YouTube Shooting Proves Corporate Security Is a Companywide Responsibility

3 MINS READApr 4, 2018 | 16:14 GMT
  • The YouTube shooting appears to be yet another instance of ignored warning signs.
  • As an outsider, the shooter lacked intimate knowledge of the campus, making her vulnerable to detection as she completed the attack cycle.
  • A rapid response by employees and law enforcement likely helped mitigate the loss of life.

Editor's Note: This report was produced and originally published March 20 by Threat Lens, Stratfor's unique protective intelligence product. Designed with corporate security leaders in mind, Threat Lens enables industry professionals to anticipate, identify, measure and mitigate emerging threats to people and assets around the world.

The shooter in the April 3 attack on YouTube headquarters in San Bruno, California, has been identified as 39-year-old Nasim Aghdam, ABC News reported April 4. According to information posted on her website, Aghdam was a prolific YouTube user who became enraged at the company when earnings from her YouTube channel declined. She claimed that YouTube had made it difficult to find her videos, causing them to lose viewership.

YouTube Shooter Infobox

According to some reports, Mountain View, California, police encountered Aghdam sleeping in her car the morning of the shooting in a park near the YouTube headquarters. Her father also reportedly had expressed concerns to the police that she was going to act on her rage at the company. If confirmed, this would make the YouTube shooting yet another instance of ignored warning signs.

In addition to Aghdam's father, some YouTube employees certainly knew of her anger. Whether anyone warned YouTube security she posed a potential threat, and whether they worked to assess her and alerted employees and law enforcement about her, remains unclear. This case helps to reinforce the concept that protective intelligence is not just a concern for the corporate security department, but rather that all employees are responsible for helping identify, and reporting, potential threats.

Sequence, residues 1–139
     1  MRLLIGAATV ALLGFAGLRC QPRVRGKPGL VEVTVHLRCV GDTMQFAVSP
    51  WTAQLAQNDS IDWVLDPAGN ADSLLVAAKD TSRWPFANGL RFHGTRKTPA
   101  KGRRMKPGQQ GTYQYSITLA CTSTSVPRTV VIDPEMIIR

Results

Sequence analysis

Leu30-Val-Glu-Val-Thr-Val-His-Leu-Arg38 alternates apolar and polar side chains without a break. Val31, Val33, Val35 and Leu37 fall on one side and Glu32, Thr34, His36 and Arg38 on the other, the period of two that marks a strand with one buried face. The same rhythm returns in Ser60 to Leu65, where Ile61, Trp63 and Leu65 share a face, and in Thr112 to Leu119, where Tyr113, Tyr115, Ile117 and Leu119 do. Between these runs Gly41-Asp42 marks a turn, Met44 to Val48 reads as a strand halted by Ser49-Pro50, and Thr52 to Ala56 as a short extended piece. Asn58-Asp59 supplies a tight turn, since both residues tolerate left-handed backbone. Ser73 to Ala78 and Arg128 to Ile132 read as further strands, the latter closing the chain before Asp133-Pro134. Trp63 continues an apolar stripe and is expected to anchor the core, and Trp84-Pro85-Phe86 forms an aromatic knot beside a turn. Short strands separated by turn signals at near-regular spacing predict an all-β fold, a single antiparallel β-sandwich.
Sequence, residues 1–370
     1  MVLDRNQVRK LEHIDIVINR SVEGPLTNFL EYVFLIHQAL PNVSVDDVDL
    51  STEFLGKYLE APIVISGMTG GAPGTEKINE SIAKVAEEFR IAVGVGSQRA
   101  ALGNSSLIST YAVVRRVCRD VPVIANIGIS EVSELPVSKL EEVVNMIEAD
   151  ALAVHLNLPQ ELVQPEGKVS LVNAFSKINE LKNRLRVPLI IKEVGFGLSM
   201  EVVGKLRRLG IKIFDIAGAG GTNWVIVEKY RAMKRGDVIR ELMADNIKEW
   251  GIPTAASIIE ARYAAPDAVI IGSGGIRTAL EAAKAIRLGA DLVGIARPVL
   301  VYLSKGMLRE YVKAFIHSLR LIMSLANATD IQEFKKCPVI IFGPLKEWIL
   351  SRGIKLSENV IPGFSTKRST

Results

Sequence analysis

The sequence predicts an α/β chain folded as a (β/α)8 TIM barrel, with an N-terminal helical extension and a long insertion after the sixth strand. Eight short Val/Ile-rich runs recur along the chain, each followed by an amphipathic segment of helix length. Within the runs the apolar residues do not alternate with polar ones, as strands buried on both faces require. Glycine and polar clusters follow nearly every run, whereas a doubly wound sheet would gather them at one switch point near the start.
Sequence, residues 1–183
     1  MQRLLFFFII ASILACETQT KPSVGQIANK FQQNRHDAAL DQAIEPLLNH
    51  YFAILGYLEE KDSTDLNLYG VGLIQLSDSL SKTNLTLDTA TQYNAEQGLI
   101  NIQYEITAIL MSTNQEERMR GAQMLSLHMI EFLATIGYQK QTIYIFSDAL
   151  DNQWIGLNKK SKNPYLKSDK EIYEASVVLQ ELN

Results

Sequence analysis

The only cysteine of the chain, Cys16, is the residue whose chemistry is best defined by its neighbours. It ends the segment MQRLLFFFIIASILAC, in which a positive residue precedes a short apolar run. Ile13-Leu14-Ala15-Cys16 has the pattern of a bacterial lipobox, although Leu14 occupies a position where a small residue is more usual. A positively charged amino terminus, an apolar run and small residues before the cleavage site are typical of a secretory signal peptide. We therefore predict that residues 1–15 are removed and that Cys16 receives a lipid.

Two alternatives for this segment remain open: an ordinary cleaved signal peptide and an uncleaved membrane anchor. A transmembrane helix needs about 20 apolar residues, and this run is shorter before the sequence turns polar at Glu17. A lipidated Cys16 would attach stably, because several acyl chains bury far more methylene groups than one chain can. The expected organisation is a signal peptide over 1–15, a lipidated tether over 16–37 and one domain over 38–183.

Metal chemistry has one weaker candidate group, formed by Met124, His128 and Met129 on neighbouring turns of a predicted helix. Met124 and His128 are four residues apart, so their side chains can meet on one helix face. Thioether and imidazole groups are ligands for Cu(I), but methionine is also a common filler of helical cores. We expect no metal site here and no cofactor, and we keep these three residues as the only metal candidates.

As an outsider, Aghdam lacked intimate knowledge of the campus, making her vulnerable to detection as she completed the attack cycle. Had staff been on the lookout for her based upon her threats or her father's apparent warning, spotting her would naturally have been much easier.

Preventing attacks is of course always best, but when that is not possible, a rapid reaction can help mitigate their impact. In this case, the recognition and reaction time by employees to the presence of an active shooter appears to have been very quick, likely saving many lives. Aghdam reportedly fired 30-40 shots before taking her own life, and was only able to wound three employees. With many employees running out of the building and others barricading themselves behind locked doors, the avoid, deny, defend strategy appears to have helped keep the number of victims low. The police response also appears to have been very quick, with reports suggesting the first units arrived within 2 minutes. Such a rapid response also likely helped mitigate the damage she could do.

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